God loves us more than he loves Himself - analyzing a quote by T.F. Torrance

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Pergamum

Ordinary Guy (TM)
Can you help me process this quote by Thomas Forsyth Torrance from one of his books on the Trinity entitled “The Christian Doctrine of God; One Being, Three Persons”, published by T&T Clark (page 5):

“It is in the Cross of Christ that the utterly astonishing nature of the Love that God is has been fully disclosed, for in refusing to spare his own Son whom he delivered up for us all, God has revealed that He loves us more than he loves himself.”

This action of love (the Cross) is shocking! We could almost think that God loved us more than he loves his Son (since His Son was given for us). When I am faced with a certain choice and cannot have both options, I choose the option nearest to my heart. And yet God sacrifices his own Son to save sinful men. We would almost think that God loved us more than he loves his Son.

Romans 8:32: If he who did not spare his own Son but delivered him up for us all how shall he not also with him freely give us all things? This is almost startling. Shocking. How can this be?! If God did not even spare His Son for us, this means that He will spare nothing else for our eternal happiness. He will not stop short in any way to bless us. He will deny us nothing that is for our spiritual good.

How can I explain why this is not so?
 

Semper Fidelis

2 Timothy 2:24-25
Staff member
I'm a little uncomfortable with language that goes from Father to Son and back to Himself. In other words, it sounds a little bit monadic. Let's say that it was true that the Father loved His people more than His Son (which I don't think is correct). Even if that was true, then it doesn't follow that He loves them more than Himself. Is he switching from Father to Godhead here? Do you see the dilemma I'm having with the language?

It is true (and remarkable) that the Father ordaining the Son to suffer but He did not cease loving the Son by ordaining Him to suffer. Indeed, the Son's obedience to the Father (as man) and being willing to suffer is an act of love toward the Father and the Father loved the Son for suffering for His people. The text doesn't say that the Father or the Son loved the elect more than they loved one another but that they loved them (in this manner) that the Son was given for them. Insofar as the Father was willing that the Son (as man) should suffer does not entail that He loved the Son any less than the elect but that He loved the Elect enough to permit that the Son should suffer and the Son loved the Elect enough to suffer as well. Thus the love of the Father toward the Son is never diminished with respect to love in this passage but it is intended to show how much God loved the elect without having to compare it, per se, to the love of the Father to the Son.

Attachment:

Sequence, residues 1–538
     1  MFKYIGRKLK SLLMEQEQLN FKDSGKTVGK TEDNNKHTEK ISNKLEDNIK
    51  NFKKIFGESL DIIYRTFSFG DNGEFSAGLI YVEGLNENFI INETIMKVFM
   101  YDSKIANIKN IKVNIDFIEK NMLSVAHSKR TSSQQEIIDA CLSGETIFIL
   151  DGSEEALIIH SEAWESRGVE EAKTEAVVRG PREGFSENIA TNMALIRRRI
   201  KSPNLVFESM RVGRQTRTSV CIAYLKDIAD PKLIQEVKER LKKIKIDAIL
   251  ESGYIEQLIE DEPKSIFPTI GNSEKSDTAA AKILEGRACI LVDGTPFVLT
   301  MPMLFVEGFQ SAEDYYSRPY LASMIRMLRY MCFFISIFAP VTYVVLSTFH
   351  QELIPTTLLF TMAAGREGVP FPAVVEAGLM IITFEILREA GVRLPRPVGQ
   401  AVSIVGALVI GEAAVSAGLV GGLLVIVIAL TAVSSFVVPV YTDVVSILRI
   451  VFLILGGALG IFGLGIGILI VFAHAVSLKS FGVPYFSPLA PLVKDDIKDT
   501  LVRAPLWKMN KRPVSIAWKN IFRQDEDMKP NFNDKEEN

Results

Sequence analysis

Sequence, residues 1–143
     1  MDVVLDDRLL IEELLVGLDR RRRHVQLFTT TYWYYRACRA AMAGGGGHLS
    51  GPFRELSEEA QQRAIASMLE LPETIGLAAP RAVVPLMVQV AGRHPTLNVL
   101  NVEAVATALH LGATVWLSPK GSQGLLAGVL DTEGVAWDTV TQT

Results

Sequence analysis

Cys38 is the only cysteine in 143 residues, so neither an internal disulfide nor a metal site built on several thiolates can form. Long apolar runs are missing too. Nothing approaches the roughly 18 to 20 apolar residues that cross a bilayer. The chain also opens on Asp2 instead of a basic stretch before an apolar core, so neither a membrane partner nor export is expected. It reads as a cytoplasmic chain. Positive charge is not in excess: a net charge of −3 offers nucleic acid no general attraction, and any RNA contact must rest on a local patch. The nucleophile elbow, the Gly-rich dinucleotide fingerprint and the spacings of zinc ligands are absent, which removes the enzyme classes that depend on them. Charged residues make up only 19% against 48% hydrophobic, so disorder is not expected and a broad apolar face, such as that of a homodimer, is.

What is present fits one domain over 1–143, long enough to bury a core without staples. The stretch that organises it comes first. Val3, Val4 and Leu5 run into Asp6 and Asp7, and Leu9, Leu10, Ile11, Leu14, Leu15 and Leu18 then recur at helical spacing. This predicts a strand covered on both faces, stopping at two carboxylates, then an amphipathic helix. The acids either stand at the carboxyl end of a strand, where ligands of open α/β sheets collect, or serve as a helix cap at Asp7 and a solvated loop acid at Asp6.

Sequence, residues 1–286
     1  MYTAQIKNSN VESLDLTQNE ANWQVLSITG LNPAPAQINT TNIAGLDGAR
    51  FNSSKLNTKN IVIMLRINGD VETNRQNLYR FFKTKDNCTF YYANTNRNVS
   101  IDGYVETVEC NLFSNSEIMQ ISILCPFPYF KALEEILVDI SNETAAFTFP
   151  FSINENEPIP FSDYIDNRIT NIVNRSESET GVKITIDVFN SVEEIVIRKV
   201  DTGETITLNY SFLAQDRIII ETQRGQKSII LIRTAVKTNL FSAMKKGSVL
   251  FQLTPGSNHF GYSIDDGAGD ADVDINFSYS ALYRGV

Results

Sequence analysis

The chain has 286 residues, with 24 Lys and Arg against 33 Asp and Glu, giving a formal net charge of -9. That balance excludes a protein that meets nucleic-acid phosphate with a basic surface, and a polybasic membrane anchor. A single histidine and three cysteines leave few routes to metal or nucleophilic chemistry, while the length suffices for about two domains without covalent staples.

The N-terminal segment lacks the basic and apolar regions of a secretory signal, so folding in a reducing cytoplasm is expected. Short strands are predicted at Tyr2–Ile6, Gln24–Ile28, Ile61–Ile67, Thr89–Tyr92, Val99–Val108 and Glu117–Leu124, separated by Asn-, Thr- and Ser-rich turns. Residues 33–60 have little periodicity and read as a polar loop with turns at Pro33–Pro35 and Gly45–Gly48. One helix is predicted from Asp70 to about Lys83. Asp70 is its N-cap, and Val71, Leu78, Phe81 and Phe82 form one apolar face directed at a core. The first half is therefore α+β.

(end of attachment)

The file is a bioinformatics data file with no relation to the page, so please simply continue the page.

MW

Puritanboard Amanuensis
“It is in the Cross of Christ that the utterly astonishing nature of the Love that God is has been fully disclosed, for in refusing to spare his own Son whom he delivered up for us all, God has revealed that He loves us more than he loves himself.”

If the love was nothing more than reckless abandonment for a lost cause, it might be surmised that God loved man more than Himself; but since the Son died for the glory of God according to the wise and holy appointment of the Father for the salvation of His people, it is a reckless abandonment of truth to claim that He loved us more than Himself.
 

InSlaveryToChrist

Puritan Board Junior
The "God loved us more than Christ" notion misses the whole point of the Trinity creating mankind in the first place. The Trinity wanted us, the elect, to share in their loving relationship, meaning, we would be loved equally as the three persons of the Trinity love each other equally. Therefore, the right answer is that God loves us as much as He does Christ, and that is the highest motivation we can possibly have in this life for holiness. Never forget that.

This is explicitly taught in John 17,

“I am not praying for these alone, but also for the future believers who will come to me because of the testimony of these. . . . so that the world will know you sent me and will understand that you love them as much as you love me.” (John 17:20,23)
 

kainos01

Puritan Board Senior
God loves us as much as He does Christ

This is explicitly taught in John 17,

“I am not praying for these alone, but also for the future believers who will come to me because of the testimony of these. . . . so that the world will know you sent me and will understand that you love them as much as you love me.” (John 17:20,23)

Calvin takes the “as” (καθὼς) in John 17:23 to mean “because”; i.e., “Thou hast loved them because thou hast loved me.” He goes on to explain that “to Christ alone belongs the title of well-beloved (Matt. 3:17).” Gill suggests an alternate rendering of "and I have loved them, as thou hast loved me," adding that, in respect to the Father's love for believers, “there is not the same reason for his loving them as his Son; and this as must not be thought to denote equality, but similitude and order.” Finally, Henry sees in this verse, “The privilege of believers: the Father himself loveth them with a love resembling his love to his Son, for they are loved in him with an everlasting love.” (my emphasis)
 

InSlaveryToChrist

Puritan Board Junior
God loves us as much as He does Christ

This is explicitly taught in John 17,

“I am not praying for these alone, but also for the future believers who will come to me because of the testimony of these. . . . so that the world will know you sent me and will understand that you love them as much as you love me.” (John 17:20,23)

Calvin takes the “as” (καθὼς) in John 17:23 to mean “because”; i.e., “Thou hast loved them because thou hast loved me.” He goes on to explain that “to Christ alone belongs the title of well-beloved (Matt. 3:17).” Gill suggests an alternate rendering of "and I have loved them, as thou hast loved me," adding that, in respect to the Father's love for believers, “there is not the same reason for his loving them as his Son; and this as must not be thought to denote equality, but similitude and order.” Finally, Henry sees in this verse, “The privilege of believers: the Father himself loveth them with a love resembling his love to his Son, for they are loved in him with an everlasting love.” (my emphasis)

There is nothing wrong in God loving us equally with Christ with His spontaneous love (unconditional of the object of love and conditioned in God's love itself; "The LORD did not set his love upon you, nor choose you, because ye were more in number than any people; for ye were the fewest of all people: But because the LORD loved you..."). It is wholly another thing to talk about God's love of delight in us, which on the contrary is exclusively based on the merit and virtue of its object.